Tag Archives: Irritable Bowel Syndrome

IBS: Underlying Mechanism(s) Not Established but Six New Drug Approvals Since 2000


Irritable Bowel Syndrome (IBS), not to be confused with Inflammatory Bowel Disease (IBD), represents a group of symptoms characterized by abdominal pain and discomfort and changes in bowel movement patterns. There are two key types of IBS, depending on the predominant changes in stool consistency, i.e., IBS with constipation, or IBS-C; and IBS with diarrhea, or IBS-D. In addition, there are two other types of IBS, i.e., mixed IBS, or IBS-M; and unsubtyped IBS, or IBS-U.

IBS is a functional gastrointestinal disorder, without any evidence of underlying large intestinal damage, including no radiologic or endoscopic abnormalities. The cause(s) and pathogenesis of IBS have not been established, although clearly there is an interplay between various facors and abnormal GI motility. Recent meta-analyses have reported an average prevalence of about 11% worldwide, with some differences by regions. It can occur both in women and men, but is reported more frequently in women.

Drug Approvals

Since 2000, there have been a total of 6 drug approvals for IBS — 3 for IBS-C predominant and 3 for IBS-D predominant. Refer to the accompanying chart below (click here for a larger graph).

The new drug approvals are listed below separately for IBS-D predominant and IBS-C predominant, based on the most recent product labels as listed on Drugs@FDA:

Approvals for IBS-D predominant:

  • Serotonin 5-HT3 Receptor Antagonist: Lotronex (alosetron, 2000), for IBS-D predominant, indicated for women only.
  • mu-Opioid Receptor Antagonist: Viberzi (eluxadoline, 2015), indicated for both women and men.
  • Rifamycin Antibacterial: Xifaxan (rifaximin, 2015), indicated for both women and men. Also approved for traveler’s diarrhea and hepatic encephalopathy.

Approvals for IBS-C predominant:

  • Serotonin 5-HT4 Receptor Agonist: Zelnorm (tegaserod, 2002), for IBS-C predominant, was indicated for women only. Was also approved for chronic idiopathic constipation. Zelnorm was withdrawn from the market in 2007 due to increased risk of heart attacks and strokes.
  • Prostaglandin E-1 Metabolite Analog: Amitiza (lubiprostone), indicated for women only. Also approved for chronic idiopathic constipation and opiod-induced constipation.
  • Guanylate Cyclase-C Receptor Agonist: Linzess (linaclotide, 2012), indicated for both women and men. Also approved for chronic idiopathic constipation.


A few general comments are in order:

  1. The approved treatments for IBS todate are symptomatic, aimed at relieving the abdominal pain and discomfort and the abnormal patterns of bowel movement.
  2. Treatments approved between 2000 and 2010 were based on single-item patient-reported rating of overall change in condition as the primary efficacy endpoint, involving questions regarding adequate or satisfactory relief and subject global assessment of relief (Table 1, in reference 1).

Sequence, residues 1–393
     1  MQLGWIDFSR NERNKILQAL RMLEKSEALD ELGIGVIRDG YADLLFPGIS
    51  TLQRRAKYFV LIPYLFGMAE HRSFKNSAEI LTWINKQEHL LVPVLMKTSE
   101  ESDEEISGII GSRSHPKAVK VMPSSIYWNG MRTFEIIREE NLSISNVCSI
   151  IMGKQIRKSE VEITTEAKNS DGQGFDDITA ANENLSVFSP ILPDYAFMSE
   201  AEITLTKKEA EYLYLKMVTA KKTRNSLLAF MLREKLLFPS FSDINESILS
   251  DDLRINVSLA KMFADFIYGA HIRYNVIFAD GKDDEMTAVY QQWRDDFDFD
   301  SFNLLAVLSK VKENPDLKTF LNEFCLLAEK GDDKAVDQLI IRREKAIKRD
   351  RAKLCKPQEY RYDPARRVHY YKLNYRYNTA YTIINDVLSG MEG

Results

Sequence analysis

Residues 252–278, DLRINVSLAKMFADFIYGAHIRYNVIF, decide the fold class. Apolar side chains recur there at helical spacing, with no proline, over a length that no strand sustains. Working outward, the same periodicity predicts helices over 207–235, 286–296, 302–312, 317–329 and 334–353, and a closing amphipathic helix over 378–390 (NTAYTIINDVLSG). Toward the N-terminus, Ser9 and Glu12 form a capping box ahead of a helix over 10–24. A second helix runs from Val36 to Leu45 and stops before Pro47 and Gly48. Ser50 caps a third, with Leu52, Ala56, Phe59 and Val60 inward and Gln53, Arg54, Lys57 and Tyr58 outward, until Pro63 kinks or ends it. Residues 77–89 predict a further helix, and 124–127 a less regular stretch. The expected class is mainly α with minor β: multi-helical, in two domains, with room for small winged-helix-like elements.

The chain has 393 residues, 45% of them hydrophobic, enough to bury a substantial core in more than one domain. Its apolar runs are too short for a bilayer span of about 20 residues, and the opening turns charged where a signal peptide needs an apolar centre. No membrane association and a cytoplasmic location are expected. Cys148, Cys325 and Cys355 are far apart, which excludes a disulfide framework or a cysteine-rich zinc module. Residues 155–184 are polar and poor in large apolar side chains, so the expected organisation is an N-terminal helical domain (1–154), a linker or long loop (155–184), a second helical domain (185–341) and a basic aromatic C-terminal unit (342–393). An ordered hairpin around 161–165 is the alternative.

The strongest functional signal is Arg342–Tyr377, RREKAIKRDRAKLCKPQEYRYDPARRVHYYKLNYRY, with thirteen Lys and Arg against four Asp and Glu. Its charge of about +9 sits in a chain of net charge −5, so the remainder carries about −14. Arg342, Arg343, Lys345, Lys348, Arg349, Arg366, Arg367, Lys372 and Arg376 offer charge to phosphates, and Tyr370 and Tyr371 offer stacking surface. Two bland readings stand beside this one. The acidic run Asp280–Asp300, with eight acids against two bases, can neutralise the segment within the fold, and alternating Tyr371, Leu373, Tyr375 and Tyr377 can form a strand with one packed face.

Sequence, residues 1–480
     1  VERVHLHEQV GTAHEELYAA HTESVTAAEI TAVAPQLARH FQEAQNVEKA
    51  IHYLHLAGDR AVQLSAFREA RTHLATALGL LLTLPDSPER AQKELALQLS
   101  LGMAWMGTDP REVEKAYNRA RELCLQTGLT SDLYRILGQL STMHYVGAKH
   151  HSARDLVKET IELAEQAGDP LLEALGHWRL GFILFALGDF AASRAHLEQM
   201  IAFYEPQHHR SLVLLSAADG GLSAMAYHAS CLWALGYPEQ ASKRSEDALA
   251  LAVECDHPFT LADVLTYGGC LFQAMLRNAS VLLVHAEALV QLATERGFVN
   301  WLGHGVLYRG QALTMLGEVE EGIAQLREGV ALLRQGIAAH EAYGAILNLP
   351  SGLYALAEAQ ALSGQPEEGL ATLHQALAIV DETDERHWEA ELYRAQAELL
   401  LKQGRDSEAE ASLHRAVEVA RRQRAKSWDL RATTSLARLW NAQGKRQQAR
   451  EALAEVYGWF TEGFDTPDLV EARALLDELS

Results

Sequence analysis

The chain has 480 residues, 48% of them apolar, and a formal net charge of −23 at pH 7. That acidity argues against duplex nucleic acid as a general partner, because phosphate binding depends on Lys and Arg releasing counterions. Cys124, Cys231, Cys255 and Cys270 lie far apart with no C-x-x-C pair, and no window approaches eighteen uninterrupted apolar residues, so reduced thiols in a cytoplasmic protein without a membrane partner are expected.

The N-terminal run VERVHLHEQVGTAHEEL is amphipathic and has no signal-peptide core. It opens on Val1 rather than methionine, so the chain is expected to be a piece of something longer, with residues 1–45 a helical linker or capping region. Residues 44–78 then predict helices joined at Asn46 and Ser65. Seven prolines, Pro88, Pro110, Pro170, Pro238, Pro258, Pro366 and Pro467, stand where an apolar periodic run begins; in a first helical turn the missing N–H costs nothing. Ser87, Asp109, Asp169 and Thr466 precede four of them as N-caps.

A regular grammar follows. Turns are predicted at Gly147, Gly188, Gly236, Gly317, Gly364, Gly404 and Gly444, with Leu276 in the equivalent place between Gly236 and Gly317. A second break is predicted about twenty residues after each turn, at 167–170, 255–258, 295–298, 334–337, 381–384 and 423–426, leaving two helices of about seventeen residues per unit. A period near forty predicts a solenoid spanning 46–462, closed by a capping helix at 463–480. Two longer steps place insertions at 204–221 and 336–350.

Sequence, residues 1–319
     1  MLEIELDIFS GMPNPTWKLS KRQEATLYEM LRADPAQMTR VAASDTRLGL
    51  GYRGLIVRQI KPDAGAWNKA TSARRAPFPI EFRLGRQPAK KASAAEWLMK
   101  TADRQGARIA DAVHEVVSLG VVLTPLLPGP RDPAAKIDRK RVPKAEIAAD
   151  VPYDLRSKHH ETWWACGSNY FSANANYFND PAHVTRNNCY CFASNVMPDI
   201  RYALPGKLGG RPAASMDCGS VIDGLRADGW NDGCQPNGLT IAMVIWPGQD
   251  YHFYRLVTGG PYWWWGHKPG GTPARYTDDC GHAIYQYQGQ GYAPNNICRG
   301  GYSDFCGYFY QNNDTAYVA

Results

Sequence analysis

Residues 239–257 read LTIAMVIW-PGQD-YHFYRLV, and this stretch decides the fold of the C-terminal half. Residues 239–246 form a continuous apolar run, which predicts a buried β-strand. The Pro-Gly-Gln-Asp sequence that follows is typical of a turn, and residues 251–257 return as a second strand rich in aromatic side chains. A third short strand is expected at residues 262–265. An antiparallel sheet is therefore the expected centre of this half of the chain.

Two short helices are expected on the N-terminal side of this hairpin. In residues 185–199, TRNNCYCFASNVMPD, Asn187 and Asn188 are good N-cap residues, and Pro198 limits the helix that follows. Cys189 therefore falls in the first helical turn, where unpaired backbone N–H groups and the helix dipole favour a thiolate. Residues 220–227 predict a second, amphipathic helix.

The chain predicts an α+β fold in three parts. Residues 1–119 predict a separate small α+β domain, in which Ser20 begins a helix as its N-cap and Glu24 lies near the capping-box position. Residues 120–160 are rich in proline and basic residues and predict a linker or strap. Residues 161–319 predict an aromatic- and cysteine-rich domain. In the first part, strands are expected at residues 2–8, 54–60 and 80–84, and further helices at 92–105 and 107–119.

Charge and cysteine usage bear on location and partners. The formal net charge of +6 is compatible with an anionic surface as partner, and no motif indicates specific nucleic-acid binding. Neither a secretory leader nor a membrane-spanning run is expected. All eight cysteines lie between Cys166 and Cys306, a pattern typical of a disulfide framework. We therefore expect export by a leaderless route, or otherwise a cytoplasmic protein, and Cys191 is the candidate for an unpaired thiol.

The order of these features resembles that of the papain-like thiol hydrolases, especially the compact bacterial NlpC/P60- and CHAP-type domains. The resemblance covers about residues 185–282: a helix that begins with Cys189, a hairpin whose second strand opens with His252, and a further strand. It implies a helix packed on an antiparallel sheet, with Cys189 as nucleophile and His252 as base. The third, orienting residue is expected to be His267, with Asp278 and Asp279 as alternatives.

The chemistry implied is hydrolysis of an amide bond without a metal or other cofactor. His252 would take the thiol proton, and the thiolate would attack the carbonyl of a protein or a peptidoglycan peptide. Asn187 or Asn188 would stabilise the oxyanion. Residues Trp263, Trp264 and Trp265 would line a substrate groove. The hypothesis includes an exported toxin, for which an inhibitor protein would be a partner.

3. A recently issued Guidance for Industry (1), in recognition of the limitations of single-item patient-reported rating of overall change, outlines the development of a multi-item patient-reported outcome (PRO) measures as primary endpoints for IBS clinical trials. It is emphasized that the recommendations contained therein, regarding primary endpoints, trial design, patient entry criteria and responder definitions, are provisional, considering the time-consuming task of developing the most appropriate PRO instruments and the need for continued efforts to develop more effective therapies for IBS.
  4. The current lack of an understanding of the cause(s) and pathogenesis of IBS is clearly hampering the development of new and more effective drugs for IBS. It is noted that the average patient responder rates for the more recently approved IBS drugs is generally approximately within the second quartile of responder rates (25% to 50%, but with a few endpoints lower and higher), with significant placebo response (2). There is therefore a significant need for more fundamental research on the cause(s) of IBS to guide new drug discovery and development efforts.
  5. To this date, no reliable biomarker for IBS has been identified. Thus, this is another area of needed fundamental research to facilitate future drug development for IBS.


  1. Guidance for Industry. Irritable Bowel Syndrome – Clinical Evaluation of Drugs for Treatment. FDA, May 2013. http://www.fda.gov/downloads/Drugs/GuidanceComplianceRegulatoryInformation/Guidances/UCM205269.pdf
  2. Most recent product labels, as listed for the individual drugs on Drugs@FDA, http://www.accessdata.fda.gov/scripts/cder/drugsatfda/, accessed in August 31, 2016.

Refer to page 16 of Progression of Modern Therapeutics (2015 Report) available under Reports on this website; this report also includes the methodology used.